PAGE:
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High Efficiency Pots: Optimus Terra Weekend .95L & Olicamp XTS 1L?
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(mountainwalker) - MLife

Locale: SF Bay Area & New England
High Efficiency Pots: Optimus Terra Weekend .95L & Olicamp XTS 1L? on 04/14/2013 12:12:43 MDT Print View

Anyone try these two hard anodized HE pots? They are both hard anodized aluminum, and aluminum conducts heat much better than titanium. Both are said to significantly reduce boil times. A few questions:

1) What's the weight of the Optimus Terra Weekend .95L without the cup/fry pan lid it comes with? I found the total weight listed for both as 9.7 oz. Sectionhiker listed the Olicamp XTS + plastic lid at 7.7 oz.

2) Does either pot have a non-stick coating? A few reviews mentioned this, but could be it's just the hard anodized surface which sticks less than ti.

3) Is cooking with Esbit 4g tabs doable? I'm sure soot would collect on the fins, but if the pot were stored in a stuff sack, would it matter? Is there a way to remove the soot by soaking at home after a trip?

4) Anyone try these pots with alcohol? I'm thinking alcohol would work fine so long as you could ensure enough space between the alcohol stove and pot.

5) Anyone try these with a wood stove (not camp fire), like a Caldera Tri Ti? Again thinking soot and enough space between flame and pot would be the only issues to contend with.

In general I think the best use case is for gas for trips of 1-2 weeks, or when you want hot water very quickly, but wondering if the use can be stretched to esbit, wood and alcohol.

Ian B.

Locale: PNW
Olicamp XTS on 04/14/2013 13:12:14 MDT Print View

Just received that pot in the mail this week. I've only done one boil with Esbit and one with my Soto ODR. Just anodized aluminum and doesn't appear to have non stick coating above that. I only boil water so a non issue for me. I'll post a more detailed initial impressions summary later (off to hockey) but so far it appears to be a little heavy but performs well. Time will tell.

(mountainwalker) - MLife

Locale: SF Bay Area & New England
thanks, guessing Optimus .95L is lighter on 04/14/2013 13:24:06 MDT Print View

Thanks Ian. You might want to also check out the Terra Weekend HE main .95L pot - guessing it's lighter weight.

Charles P
(mediauras) - F

Locale: Terra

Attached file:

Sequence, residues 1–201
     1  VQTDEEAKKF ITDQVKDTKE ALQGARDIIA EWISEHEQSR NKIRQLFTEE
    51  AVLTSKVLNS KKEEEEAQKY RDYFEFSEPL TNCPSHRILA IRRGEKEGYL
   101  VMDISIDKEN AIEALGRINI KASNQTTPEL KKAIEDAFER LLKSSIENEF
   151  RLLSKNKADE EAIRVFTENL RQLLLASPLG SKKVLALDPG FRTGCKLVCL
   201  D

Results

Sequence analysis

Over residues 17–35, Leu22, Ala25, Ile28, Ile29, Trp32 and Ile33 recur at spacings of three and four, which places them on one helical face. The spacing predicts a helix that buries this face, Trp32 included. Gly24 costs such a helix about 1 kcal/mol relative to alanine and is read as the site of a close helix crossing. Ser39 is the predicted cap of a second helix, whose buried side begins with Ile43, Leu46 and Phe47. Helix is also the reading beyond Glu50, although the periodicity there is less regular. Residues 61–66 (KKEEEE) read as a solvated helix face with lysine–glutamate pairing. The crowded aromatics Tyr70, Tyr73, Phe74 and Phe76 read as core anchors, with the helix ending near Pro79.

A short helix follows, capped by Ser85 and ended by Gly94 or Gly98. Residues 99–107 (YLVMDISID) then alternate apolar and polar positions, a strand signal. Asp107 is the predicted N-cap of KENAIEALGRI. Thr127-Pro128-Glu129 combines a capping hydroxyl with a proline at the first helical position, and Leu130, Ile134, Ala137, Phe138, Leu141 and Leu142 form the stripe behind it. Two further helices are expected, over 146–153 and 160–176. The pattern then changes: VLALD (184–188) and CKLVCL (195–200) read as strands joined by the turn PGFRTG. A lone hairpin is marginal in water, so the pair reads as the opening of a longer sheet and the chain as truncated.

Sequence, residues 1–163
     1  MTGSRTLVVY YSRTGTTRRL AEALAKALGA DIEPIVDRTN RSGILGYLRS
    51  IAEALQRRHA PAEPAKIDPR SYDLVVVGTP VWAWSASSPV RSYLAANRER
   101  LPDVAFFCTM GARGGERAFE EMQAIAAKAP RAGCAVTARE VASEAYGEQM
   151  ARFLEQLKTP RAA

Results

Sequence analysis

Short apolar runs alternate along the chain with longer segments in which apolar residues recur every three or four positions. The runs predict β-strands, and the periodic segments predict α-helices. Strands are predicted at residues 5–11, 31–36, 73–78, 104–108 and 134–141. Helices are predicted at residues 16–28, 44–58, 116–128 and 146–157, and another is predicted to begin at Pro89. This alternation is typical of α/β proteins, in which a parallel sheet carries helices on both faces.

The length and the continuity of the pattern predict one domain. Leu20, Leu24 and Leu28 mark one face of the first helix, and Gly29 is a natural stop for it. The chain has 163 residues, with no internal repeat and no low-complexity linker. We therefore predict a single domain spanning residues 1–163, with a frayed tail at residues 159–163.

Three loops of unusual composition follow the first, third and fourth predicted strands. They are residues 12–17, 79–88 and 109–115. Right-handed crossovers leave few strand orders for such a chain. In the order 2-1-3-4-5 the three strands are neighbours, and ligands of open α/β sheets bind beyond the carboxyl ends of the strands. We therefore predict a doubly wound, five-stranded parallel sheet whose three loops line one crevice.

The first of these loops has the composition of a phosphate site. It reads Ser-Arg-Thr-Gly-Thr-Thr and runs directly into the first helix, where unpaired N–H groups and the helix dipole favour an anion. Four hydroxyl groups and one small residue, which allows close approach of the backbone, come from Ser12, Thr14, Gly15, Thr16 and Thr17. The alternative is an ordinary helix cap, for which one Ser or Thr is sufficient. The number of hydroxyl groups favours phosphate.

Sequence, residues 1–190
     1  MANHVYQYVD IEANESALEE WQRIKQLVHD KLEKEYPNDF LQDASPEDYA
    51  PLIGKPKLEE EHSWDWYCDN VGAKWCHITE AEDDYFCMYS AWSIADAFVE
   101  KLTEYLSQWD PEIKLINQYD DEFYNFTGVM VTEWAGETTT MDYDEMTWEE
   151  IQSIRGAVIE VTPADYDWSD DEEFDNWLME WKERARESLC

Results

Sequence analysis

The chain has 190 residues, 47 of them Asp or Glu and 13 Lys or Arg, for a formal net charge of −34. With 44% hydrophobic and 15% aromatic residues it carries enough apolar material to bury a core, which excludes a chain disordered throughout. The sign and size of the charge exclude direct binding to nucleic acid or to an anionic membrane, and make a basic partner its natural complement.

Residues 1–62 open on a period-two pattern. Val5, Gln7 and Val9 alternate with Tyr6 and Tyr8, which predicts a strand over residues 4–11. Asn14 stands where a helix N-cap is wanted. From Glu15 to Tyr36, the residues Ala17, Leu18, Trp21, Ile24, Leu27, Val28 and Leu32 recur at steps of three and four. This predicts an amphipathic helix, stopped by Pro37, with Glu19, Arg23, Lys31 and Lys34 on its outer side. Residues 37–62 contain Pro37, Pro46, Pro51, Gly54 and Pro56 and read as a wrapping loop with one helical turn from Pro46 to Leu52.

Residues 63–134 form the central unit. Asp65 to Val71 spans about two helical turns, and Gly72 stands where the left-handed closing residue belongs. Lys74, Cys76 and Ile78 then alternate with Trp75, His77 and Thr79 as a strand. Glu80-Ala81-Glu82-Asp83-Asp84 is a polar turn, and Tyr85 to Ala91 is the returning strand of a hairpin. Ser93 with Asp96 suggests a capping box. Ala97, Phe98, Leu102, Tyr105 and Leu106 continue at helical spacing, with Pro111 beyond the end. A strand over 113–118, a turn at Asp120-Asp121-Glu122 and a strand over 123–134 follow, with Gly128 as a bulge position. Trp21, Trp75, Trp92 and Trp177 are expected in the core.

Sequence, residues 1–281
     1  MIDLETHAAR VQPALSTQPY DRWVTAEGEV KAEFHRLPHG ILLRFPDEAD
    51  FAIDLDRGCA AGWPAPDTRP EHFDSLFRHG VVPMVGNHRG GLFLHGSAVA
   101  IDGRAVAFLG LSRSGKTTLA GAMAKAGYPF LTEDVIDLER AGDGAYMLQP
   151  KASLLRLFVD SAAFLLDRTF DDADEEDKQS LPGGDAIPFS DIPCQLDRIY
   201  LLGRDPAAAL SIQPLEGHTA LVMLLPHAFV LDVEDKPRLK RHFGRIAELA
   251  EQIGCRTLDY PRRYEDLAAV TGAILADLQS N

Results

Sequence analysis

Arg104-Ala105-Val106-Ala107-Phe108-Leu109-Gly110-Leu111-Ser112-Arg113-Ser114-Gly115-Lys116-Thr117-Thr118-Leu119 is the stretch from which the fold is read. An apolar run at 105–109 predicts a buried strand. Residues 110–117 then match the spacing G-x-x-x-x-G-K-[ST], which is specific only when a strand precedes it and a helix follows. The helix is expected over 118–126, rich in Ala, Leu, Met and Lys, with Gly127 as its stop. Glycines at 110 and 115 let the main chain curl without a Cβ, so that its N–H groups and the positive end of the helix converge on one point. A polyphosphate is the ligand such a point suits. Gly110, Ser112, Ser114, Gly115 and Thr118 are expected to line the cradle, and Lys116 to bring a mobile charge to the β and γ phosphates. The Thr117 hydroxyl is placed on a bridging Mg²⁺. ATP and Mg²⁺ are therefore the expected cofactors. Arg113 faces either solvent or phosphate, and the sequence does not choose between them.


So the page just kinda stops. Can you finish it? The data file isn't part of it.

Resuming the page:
Re: thanks, guessing Optimus .95L is lighter on 04/14/2013 13:37:12 MDT Print View

Another option. On sale right now:

Apply this 35% off code and its only about 13 bucks or so. UNG2310D

Eric Blumensaadt
(Danepacker) - MLife

Locale: Mojave Desert
Material AND shape on 04/14/2013 13:39:18 MDT Print View

As the OP said, aluminum pots conduct and s p r e a d heat much better than ti pots.

Also low, wide pots heat their contents faster than tall, narrow pots. (More bottom surface area on low, wide pots)

That's why I got an anodized aluminum 3 cup pot for my T.D. Sidewinder cone stove.

(mountainwalker) - MLife

Locale: SF Bay Area & New England
Anyone weigh the Optimus Terra Weekend? on 04/14/2013 15:57:27 MDT Print View

Charles that's a nice deal but don't think it has a heat exchanger.

Eric that Open Country 3 cup pot is really nice, but I wish they made it and the 2L version with a built in folding handle.

Edited by mountainwalker on 04/14/2013 15:58:21 MDT.

Charles P
(mediauras) - F

Locale: Terra
Re: Anyone weigh the Optimus Terra Weekend? on 04/14/2013 16:20:00 MDT Print View

Oops, apologies, didn't read your post close enough to realize you were looking at heat exchanger pots. Good luck!

(mountainwalker) - MLife

Locale: SF Bay Area & New England
Love to see test of HE + simple windscreen versus non-HE + Caldera on 04/14/2013 16:44:56 MDT Print View

I'd love to see how the HE pots with and without a simple Al or Ti windscreen (like Suluk46 or MYOG) measure up against a Caldera Cone with non-HE hard anodized pot when burning esbit and alcohol.

Note though that the Caldera Ti Tri has the added benefit of being able to burn wood with the Ti floor.

Edited by mountainwalker on 04/14/2013 17:15:56 MDT.

Ian B.

Locale: PNW
Initial impressions of the Olicamp XTS HE 1L pot on 04/14/2013 20:37:24 MDT Print View

I purchased this pot off of Amazon this week for $30.48 after taxes.

Fire Maple seems to sell the same exact pot.

There weren't many reviews available for this pot. I found one from Section Hiker ( but Mr. Philip Werner did not provide his experiences on this pot's performance beyond:

"Heat exchanger fins are built into the bottom of the pot that retain stove heat improving fuel efficiency, up to 40%, according to the manufacturer. I don’t have the means to test that, but anecdotally my Soto OD-1R canister stove boils 3/4 of a liter of water noticeably faster in this pot than in the titanium Evernew pasta pot I’ve been using for the past two years."